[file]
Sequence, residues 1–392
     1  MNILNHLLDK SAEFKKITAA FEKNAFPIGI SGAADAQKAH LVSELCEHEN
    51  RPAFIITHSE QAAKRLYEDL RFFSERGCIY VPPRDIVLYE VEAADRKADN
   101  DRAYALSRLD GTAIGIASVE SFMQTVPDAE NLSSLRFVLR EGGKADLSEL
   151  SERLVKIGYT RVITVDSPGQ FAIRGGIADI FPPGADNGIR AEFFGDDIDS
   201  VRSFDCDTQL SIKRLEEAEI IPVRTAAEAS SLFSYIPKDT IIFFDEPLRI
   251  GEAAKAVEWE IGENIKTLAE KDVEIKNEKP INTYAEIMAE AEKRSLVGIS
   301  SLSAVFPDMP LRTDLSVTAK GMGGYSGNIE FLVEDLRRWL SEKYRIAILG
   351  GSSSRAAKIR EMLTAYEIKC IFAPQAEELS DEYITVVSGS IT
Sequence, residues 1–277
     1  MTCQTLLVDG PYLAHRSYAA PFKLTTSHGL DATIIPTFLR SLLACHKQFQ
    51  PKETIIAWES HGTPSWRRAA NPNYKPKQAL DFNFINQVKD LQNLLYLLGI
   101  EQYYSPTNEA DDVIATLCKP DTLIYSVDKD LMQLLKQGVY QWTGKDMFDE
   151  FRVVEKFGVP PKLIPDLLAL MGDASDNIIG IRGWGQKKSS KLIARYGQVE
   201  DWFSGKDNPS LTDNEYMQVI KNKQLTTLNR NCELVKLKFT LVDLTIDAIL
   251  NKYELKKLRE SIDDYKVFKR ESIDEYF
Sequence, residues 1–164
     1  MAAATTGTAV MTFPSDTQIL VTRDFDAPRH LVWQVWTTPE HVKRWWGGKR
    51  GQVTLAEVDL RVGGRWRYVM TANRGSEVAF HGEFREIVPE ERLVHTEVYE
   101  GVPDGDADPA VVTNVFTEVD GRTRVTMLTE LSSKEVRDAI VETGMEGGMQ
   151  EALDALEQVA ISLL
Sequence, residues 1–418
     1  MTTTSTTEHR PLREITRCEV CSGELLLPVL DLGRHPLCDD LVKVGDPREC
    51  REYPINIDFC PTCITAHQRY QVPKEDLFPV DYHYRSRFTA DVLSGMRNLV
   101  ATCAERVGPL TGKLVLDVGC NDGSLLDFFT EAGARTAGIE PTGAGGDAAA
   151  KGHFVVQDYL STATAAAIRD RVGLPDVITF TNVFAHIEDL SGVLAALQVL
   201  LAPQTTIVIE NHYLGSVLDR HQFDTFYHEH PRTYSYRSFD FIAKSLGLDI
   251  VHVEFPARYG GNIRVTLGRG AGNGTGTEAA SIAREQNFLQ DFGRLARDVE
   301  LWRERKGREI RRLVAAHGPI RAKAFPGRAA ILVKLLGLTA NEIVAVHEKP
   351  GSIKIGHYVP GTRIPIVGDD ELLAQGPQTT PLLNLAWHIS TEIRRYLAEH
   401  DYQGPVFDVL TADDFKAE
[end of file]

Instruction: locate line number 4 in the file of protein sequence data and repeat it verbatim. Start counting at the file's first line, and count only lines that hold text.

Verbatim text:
   101  DRAYALSRLD GTAIGIASVE SFMQTVPDAE NLSSLRFVLR EGGKADLSEL